Putin visits site of Russia's new launch center
(AP) -- Russia will launch its manned space missions from a new center in the Far East in 2018, Prime Minister Vladimir Putin said Saturday, as the country seeks greater independence for its space program.
Putin made the comments as he inaugurated the start of construction for the new cosmodrome at the former missile defense base of Vostochny, outside the town of Uglegorsk, 3,600 miles (5,800 kilometers) east of Moscow, and a few hundred miles away from China.
Russia currently uses the Soviet-built Baikonur launch facility in Kazakhstan for all of its manned space missions and other commercial launches as well as a smaller center in northern Russia for military satellite launches.
Russia has a lease on Baikonur until 2050 and has paid around $115 million to Kazakhstan in rent since the agreement in 2004.
Putin stressed the "strategic" need for Moscow to have "an independent access to the space." Although Baikonur is located in a "friendly state," it is still owned by another country, he said.
Russia's prime minister said on state-run Rossiya channel that Vostochny will host all launches of Russian-manned spacecraft beginning in 2018. Launches of first unmanned spacecraft from the new center are expected in 2015.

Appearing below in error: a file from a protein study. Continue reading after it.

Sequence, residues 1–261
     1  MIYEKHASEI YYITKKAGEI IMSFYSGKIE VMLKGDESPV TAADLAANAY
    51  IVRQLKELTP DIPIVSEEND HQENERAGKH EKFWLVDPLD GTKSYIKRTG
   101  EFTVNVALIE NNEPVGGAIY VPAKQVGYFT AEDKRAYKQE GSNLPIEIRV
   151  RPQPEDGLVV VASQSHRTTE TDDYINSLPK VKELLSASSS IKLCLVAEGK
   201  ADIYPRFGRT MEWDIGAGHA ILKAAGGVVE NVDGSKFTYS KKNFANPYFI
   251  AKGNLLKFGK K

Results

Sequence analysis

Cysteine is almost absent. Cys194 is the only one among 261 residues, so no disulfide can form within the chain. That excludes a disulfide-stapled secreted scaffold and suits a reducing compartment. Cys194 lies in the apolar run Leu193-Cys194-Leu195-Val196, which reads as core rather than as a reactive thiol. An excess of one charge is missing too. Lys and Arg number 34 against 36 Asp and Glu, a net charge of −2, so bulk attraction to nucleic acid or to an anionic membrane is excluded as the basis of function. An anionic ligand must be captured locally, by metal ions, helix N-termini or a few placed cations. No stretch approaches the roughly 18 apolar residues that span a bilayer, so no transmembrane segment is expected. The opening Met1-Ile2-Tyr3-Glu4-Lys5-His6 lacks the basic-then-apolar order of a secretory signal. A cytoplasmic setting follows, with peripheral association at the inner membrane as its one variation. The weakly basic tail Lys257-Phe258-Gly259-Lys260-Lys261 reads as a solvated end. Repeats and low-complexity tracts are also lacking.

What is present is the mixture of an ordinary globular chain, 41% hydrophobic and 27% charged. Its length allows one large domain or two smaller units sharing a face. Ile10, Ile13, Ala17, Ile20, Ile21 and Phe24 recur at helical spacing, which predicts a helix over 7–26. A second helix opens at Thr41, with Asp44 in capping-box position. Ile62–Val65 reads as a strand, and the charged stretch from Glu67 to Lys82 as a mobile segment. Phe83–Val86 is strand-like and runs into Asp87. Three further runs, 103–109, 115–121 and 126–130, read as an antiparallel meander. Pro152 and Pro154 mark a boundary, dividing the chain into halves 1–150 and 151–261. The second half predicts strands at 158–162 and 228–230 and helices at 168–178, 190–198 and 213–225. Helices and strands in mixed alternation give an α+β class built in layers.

Putin described the construction as "one of the biggest and ambitious projects of modern Russia" which "gives opportunity to thousands of young professionals to use their talent."
Russian Deputy Prime Minister Sergey Ivanov was quoted by Russian news agencies as saying that the first stage of the construction will take more than 24 billion rubles ($779 million).
Like Baikonur in Kazakhstan, Russia's Amur Region in the Far East, where the new center is being built, is sparsely populated. New technologies will allow the new launch pad to be ten times smaller compared to what Baikonur occupies in the Kazakh steppe, said Russia's space agency chief Anatoly Perminov.
Windfall from oil revenues over the past years have allowed the Kremlin to spend more on Russia's space program, which had suffered in the post-Soviet economic meltdown.
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